As birds reach maturity, calcium and phosphorus levels must be increased by adding shell grit or ground limestone to the ration after around five weeks of age. In hot weather, the birds might not eat as much so it's important to make sure there is enough calcium available to maintain egg production.
Quail require greens to supplement their diet. If they have access to grass they will get what they need on their own. When kept indoors, they must be provided with grass clippings or various greens such as spinach and kale.
It's a good idea to use smaller water containers like the ones designed for chicks because quail are small and can easily get stuck and possibly drown if the containers are too big. They can be fed free-choice as they self-regulate their food intake.
Coturnix quail typically reach maturity between six to eight weeks of age. The males develop a “blush” across their breast while females have speckled feathers on their chests. As the breast feathers grow in at around two to three weeks of age, it is quite easy to see the rusty brown feathers of the male compared to the buff and black speckled feathers of the female. Males tend to have slightly darker coloration around their eyes as well.
Bobwhite quail mature more slowly, but can easily be distinguished as male or female as their adult plumage develops. Males have a white throat and a black stripe over the eye while females have a buff stripe and no white on their heads.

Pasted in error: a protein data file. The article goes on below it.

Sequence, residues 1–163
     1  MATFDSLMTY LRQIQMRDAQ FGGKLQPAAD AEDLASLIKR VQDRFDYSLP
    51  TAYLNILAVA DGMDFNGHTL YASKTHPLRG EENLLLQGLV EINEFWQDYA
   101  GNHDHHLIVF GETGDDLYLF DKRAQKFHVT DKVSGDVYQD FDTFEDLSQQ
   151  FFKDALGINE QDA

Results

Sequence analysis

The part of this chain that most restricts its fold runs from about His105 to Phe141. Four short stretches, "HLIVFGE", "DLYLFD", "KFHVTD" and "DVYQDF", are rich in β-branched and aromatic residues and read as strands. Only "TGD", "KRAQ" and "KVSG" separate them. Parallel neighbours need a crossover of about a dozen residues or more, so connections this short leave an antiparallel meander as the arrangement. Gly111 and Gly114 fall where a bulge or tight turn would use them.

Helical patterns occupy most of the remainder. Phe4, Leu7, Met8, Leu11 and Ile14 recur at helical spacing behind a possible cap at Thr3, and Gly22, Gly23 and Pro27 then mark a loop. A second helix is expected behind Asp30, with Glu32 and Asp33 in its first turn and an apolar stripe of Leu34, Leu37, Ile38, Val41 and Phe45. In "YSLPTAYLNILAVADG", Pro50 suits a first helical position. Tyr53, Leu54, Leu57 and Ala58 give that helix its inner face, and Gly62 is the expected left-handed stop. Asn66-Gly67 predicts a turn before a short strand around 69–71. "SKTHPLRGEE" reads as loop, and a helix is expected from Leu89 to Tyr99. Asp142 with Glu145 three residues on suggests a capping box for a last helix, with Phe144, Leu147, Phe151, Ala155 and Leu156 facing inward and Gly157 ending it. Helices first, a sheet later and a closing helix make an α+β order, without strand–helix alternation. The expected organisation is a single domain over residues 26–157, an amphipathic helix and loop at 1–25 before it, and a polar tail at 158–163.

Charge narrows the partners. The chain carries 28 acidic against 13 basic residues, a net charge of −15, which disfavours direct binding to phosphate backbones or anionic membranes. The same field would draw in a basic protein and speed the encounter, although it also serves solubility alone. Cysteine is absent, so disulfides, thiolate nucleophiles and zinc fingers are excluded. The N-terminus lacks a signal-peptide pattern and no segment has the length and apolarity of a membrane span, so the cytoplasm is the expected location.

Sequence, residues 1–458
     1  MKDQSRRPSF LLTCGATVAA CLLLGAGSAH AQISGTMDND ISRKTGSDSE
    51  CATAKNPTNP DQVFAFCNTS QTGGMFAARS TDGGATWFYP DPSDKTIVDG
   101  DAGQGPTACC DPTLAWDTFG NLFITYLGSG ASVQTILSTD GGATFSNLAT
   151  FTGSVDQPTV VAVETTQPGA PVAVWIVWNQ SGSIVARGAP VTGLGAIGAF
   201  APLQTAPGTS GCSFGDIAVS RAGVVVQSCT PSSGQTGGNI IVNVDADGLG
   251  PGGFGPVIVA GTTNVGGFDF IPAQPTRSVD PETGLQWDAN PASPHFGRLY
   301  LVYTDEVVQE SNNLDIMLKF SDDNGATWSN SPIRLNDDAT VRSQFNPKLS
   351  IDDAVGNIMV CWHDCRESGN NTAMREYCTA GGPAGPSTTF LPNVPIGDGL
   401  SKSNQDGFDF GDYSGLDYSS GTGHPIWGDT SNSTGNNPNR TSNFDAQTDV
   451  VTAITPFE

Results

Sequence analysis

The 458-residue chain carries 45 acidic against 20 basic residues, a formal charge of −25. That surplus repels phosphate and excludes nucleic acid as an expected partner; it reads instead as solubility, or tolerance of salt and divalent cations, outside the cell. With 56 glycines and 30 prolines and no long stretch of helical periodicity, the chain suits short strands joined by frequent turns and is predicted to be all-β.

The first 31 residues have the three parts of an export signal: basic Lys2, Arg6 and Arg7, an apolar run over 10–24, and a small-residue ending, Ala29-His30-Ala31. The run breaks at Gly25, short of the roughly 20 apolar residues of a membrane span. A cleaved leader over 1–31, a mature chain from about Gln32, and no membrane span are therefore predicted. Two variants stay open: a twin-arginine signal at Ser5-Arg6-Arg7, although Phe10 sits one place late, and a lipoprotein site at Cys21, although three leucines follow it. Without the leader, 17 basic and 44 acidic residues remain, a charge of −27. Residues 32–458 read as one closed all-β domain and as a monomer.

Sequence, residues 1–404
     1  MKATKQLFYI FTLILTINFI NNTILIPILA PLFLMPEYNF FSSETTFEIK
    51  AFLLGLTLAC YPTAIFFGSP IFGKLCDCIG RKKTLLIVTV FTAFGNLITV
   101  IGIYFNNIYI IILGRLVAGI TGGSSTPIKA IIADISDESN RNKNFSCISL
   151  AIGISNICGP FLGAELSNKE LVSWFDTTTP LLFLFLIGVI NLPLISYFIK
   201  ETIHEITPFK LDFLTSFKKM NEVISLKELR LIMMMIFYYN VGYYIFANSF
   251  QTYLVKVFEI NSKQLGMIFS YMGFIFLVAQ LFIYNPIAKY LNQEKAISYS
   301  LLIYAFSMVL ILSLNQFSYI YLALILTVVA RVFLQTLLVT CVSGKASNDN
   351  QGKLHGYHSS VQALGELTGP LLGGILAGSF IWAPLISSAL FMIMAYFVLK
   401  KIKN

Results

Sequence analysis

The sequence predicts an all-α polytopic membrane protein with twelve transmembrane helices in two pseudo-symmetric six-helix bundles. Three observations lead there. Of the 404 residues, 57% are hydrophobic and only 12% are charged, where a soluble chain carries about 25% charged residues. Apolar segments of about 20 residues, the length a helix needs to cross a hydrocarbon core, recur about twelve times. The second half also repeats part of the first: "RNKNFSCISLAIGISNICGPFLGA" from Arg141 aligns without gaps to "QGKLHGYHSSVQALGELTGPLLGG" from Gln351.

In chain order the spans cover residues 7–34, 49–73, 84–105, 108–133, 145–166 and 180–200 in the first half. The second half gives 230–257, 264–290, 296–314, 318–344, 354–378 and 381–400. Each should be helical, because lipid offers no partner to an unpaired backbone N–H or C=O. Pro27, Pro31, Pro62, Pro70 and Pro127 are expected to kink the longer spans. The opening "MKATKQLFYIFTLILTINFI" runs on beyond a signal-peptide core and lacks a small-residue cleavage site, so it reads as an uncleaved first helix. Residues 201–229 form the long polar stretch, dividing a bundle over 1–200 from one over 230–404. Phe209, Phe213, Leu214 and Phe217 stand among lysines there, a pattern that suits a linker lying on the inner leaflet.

To deter fighting among males, it is best to have a one male for every three females in each enclosure. It is also fine to have pairs of each gender in separate cages. This works well if you are breeding for specific traits in offspring.
All About Eggs
Bobwhite quail lay white eggs starting in May and continue for about three months. They sometimes brood their own young in captivity, but most homesteaders use an incubator to hatch eggs and raise the young under a heat lamp until they are feathered out. If you choose coturnix quail, an incubator will be necessary as they do not sit on their eggs or rear their young in captivity. Their eggs are usually speckled.